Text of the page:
Cablevision sues Viacom for making it pay for low-rated networks
Feb 26 (Reuters) - New York-based cable operator Cablevision Systems Corp filed an antitrust lawsuit on Tuesday alleging that Viacom Inc forced it to pay for 14 cable networks it did not want as a condition of carrying the media company's more popular channels such as Nickelodeon, MTV and Comedy Central.
The case is the latest flare up in the contentious relationships between distributors and program makers as the Pay TV industry's growth appears to have peaked. Viacom and its media company rivals regularly sell bundles of cable channels to operators as a common practice.
"Viacom effectively forces Cablevision's customers to pay for and receive little-watched channels in order to get the channels they actually want," Cablevision said in a statement.
The case is under seal and not available for public viewing.
A spokesman for Viacom did not immediately respond to a request for a comment on the lawsuit.
Cablevision is seeking to have its latest carriage agreement with Viacom voided and it also wants Viacom banned from making similar deals involving networks it calls "ancillary." Cablevision says these less popular channels include CMT, MTV Hits, Nick Jr, Nicktoons, Palladia and VH1 Classic.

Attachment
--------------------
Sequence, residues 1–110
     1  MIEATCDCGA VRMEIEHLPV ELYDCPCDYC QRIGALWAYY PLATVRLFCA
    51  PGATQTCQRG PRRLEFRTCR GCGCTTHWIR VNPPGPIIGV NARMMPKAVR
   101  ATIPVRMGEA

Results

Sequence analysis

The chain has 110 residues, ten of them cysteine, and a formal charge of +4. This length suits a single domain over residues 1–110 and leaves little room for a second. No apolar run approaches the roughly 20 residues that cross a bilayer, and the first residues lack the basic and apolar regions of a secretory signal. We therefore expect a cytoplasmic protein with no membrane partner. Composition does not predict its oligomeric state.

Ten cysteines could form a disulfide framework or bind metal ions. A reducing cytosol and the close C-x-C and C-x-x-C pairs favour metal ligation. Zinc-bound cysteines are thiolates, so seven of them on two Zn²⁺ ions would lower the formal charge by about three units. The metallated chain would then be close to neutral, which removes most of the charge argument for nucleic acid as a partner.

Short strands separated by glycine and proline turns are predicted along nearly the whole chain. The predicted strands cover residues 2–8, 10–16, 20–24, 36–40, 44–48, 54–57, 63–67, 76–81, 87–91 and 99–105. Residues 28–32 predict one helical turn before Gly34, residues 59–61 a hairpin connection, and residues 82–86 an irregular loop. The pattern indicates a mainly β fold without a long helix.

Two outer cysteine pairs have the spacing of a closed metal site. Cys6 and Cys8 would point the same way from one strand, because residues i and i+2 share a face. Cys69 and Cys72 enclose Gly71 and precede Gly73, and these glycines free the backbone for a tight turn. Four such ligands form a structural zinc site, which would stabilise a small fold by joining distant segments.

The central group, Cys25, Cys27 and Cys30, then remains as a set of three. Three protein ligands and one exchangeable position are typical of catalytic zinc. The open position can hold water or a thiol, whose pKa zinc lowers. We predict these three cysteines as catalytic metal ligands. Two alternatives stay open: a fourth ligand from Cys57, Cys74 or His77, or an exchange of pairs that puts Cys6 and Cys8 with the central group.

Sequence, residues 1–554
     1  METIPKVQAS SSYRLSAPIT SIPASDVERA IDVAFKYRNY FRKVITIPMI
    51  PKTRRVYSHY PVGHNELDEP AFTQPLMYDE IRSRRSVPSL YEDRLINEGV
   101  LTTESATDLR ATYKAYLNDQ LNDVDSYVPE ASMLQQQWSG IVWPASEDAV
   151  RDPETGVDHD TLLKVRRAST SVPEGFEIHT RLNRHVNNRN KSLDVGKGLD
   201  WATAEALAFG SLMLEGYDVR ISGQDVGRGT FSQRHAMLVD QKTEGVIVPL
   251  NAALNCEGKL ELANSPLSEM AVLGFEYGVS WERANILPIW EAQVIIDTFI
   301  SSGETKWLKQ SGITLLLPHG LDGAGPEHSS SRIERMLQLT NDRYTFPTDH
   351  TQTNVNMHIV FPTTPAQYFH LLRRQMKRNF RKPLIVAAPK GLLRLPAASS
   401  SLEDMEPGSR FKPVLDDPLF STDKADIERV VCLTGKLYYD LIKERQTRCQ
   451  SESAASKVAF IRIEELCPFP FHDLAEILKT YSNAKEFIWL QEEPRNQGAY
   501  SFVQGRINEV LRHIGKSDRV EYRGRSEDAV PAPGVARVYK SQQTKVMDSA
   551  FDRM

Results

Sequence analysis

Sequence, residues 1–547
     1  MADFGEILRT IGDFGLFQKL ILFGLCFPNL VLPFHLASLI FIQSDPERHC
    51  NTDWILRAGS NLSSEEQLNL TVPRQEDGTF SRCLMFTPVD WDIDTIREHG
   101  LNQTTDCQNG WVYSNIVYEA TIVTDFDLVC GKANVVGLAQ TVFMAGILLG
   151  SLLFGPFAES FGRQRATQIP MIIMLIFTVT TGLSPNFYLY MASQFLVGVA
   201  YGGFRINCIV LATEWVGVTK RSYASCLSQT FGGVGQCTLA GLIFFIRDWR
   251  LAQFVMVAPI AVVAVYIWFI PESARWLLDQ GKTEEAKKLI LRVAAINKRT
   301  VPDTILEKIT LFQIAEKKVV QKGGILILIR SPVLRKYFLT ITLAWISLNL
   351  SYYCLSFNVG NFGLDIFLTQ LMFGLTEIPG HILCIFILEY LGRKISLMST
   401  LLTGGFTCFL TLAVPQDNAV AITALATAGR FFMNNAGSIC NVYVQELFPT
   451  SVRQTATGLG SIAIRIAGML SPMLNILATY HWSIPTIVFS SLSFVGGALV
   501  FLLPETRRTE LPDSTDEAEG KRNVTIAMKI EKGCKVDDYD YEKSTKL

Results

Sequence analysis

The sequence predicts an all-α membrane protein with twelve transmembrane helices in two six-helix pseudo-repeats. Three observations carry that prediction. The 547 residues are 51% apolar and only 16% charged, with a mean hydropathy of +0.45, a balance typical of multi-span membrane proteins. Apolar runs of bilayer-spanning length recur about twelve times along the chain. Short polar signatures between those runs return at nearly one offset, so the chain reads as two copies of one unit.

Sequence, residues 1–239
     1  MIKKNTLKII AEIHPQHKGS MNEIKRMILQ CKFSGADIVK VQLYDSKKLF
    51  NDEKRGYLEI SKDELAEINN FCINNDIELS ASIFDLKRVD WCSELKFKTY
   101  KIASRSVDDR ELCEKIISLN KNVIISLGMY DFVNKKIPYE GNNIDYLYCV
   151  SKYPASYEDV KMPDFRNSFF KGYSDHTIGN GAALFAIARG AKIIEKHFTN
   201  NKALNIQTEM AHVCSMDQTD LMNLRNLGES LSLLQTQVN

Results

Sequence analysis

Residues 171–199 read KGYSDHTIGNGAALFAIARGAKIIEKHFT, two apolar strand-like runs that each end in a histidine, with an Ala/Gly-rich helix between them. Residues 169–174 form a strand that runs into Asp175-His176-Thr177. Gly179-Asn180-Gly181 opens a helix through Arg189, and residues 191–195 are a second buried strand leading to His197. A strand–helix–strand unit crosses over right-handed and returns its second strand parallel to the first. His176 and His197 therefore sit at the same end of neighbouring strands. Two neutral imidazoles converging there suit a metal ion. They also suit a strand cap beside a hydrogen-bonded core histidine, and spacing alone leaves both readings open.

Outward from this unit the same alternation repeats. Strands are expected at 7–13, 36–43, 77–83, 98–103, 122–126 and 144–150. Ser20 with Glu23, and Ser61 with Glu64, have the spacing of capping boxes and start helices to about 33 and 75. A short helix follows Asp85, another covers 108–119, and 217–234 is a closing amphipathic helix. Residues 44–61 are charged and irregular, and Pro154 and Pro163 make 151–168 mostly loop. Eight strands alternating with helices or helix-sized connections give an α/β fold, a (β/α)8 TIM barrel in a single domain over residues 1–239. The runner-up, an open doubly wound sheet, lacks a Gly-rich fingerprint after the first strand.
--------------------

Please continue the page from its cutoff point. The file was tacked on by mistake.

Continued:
Last summer, Viacom blacked out its networks from the biggest U.S. satellite provider, DirecTV in 20 million homes for nine full days, marking the most high profile programming blackout to date. Cablevision competitor Time Warner Cable Inc has also complained about carrying low-rated networks and has dropped channels such as the arts-focused Ovation.
The case is Cablevision Systems Corporation, et al., v. Viacom International Inc, et al., U.S. District Court, Southern District of New York, 13-1278.
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